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Facebook has widened its investigation into possible Russian interference in the EU referendum.
The social media giant wrote to a committee of MPs on Wednesday agreeing to their request for more information about potential coordinated activity on its website around the Brexit vote in 2016.
The House of Commons' Digital, Culture, Media and Sport committee is currently taking a wide look at the impact of "fake news" on websites and social media.
Tory MP Damian Collins, the committee's chair, last month criticised Facebook's previous work in investigating Russian influence on the EU referendum.
He even raised the possibility of sanctions for social media companies failing to police their websites.
Facebook has so far claimed only three Russian-linked accounts were found to have bought adverts that may have influenced the Brexit referendum.
In a submission to the Electoral Commission, which is conducting a separate probe into EU referendum funding, Facebook said just 200 people in Britain saw the adverts, which cost a total of 72p.
But Mr Collins accused the company of doing "no work" other than looking at those accounts that had already been identified as part of the US Senate's investigation into Moscow interference in the US presidential election.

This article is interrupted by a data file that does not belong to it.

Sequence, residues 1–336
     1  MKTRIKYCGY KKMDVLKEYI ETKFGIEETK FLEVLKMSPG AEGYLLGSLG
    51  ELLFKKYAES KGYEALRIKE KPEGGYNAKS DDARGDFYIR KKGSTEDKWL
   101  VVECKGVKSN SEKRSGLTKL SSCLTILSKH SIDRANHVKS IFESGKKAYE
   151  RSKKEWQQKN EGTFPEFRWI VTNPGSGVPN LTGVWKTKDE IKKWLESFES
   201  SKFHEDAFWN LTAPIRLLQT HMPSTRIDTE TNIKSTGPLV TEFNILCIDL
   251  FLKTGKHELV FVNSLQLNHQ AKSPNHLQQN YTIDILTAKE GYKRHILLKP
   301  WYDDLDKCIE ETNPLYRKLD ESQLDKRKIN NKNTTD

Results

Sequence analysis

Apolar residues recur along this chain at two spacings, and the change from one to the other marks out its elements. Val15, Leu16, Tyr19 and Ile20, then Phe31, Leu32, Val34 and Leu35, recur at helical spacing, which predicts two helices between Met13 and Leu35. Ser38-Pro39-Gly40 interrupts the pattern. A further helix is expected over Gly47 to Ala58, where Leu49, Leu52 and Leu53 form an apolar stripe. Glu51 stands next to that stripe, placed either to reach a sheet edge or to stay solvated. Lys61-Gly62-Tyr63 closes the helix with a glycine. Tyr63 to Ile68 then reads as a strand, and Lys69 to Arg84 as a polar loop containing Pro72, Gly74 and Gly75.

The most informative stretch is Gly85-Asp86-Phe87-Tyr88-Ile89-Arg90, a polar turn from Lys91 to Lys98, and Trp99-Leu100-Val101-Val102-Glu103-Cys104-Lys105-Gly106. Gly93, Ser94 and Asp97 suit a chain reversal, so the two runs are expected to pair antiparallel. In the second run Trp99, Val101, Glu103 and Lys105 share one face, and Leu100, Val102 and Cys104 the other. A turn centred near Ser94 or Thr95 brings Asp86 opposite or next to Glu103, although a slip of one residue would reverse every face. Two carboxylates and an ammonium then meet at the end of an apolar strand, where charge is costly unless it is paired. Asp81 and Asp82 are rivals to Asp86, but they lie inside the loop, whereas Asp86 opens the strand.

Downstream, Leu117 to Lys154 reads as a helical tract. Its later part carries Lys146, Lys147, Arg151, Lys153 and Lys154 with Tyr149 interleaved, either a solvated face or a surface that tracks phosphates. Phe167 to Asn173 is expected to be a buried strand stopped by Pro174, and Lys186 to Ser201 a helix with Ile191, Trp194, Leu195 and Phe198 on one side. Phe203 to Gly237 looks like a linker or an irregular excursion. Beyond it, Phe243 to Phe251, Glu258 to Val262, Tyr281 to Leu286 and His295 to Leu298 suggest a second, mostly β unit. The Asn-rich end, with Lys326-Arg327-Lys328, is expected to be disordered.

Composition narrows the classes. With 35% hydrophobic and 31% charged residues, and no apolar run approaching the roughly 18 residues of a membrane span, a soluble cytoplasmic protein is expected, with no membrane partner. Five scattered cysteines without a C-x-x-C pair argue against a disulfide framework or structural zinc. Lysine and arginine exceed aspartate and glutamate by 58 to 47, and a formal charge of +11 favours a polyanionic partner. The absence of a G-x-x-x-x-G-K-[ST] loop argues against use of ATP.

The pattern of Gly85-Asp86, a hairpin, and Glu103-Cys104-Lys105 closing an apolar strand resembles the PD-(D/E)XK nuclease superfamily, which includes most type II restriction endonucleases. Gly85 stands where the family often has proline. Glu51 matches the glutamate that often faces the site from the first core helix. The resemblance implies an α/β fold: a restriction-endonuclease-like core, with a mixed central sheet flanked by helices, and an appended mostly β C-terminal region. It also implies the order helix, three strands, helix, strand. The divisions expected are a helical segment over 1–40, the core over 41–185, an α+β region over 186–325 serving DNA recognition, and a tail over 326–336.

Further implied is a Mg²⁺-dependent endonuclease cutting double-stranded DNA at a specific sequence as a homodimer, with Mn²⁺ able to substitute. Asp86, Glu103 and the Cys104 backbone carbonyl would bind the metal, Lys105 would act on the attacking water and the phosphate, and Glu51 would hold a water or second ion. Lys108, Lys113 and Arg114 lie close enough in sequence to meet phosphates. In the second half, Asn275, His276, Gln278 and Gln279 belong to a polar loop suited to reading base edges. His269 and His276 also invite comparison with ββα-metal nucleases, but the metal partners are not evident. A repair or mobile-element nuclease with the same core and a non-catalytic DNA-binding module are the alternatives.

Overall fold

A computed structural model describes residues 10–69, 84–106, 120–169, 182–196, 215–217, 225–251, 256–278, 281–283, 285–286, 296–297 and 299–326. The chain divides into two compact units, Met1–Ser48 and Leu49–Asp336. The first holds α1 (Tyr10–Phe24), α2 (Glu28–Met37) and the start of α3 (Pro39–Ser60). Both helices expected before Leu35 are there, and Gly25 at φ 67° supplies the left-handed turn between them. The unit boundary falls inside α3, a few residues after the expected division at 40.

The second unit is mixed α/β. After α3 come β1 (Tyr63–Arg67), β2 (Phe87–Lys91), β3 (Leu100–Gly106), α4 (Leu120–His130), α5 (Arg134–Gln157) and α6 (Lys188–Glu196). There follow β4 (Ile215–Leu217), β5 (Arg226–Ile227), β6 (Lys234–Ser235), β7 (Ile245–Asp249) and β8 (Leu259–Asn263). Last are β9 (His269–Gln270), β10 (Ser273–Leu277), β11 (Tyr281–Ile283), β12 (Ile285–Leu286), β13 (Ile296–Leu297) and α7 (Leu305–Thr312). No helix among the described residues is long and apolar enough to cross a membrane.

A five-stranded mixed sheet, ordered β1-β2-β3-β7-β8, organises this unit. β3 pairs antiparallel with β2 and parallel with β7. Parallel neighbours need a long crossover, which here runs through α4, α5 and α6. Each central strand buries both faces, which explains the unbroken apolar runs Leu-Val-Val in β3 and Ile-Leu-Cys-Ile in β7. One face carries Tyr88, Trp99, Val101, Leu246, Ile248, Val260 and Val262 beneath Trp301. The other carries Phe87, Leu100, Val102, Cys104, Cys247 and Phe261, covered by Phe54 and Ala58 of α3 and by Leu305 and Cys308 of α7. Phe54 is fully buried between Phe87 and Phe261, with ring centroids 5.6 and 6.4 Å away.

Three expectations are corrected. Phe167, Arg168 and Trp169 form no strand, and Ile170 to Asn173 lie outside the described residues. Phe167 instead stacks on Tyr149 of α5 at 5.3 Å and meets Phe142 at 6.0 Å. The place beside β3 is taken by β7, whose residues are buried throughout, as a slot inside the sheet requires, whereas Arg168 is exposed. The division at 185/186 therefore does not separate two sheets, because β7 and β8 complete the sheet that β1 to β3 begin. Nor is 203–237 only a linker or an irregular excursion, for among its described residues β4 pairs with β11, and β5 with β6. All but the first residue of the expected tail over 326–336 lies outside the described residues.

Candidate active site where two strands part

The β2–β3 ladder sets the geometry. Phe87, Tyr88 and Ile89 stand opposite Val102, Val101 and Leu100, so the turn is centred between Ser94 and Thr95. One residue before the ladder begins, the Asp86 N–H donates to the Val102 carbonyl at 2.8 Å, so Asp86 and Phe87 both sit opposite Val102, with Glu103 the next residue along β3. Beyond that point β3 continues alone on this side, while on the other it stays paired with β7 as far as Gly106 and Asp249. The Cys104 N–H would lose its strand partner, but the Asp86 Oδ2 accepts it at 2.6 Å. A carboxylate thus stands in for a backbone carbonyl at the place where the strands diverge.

Mr Collins' committee released a letter from Facebook's UK policy director Simon Milner on Wednesday, in which the company promised to look further than the "cluster" of accounts connected to the American election.
Writing to Mr Collins, Mr Milner said: "You expressed a view that there may be other similar coordinated activity from Russia that we had not yet identified through our investigation and asked for use to continue our investigatory work.
"We have considered your request and can confirm that our investigatory team is now looking to see if we can identify other similar clusters engaged in coordinated activity around the Brexit referendum that was not identified previously."
Mr Collins welcomed Facebook's promise to expand their investigation and said he would "look forward to reviewing their findings".
The prominent Conservative MP has also previously criticised Twitter over its response to his committee's inquiry.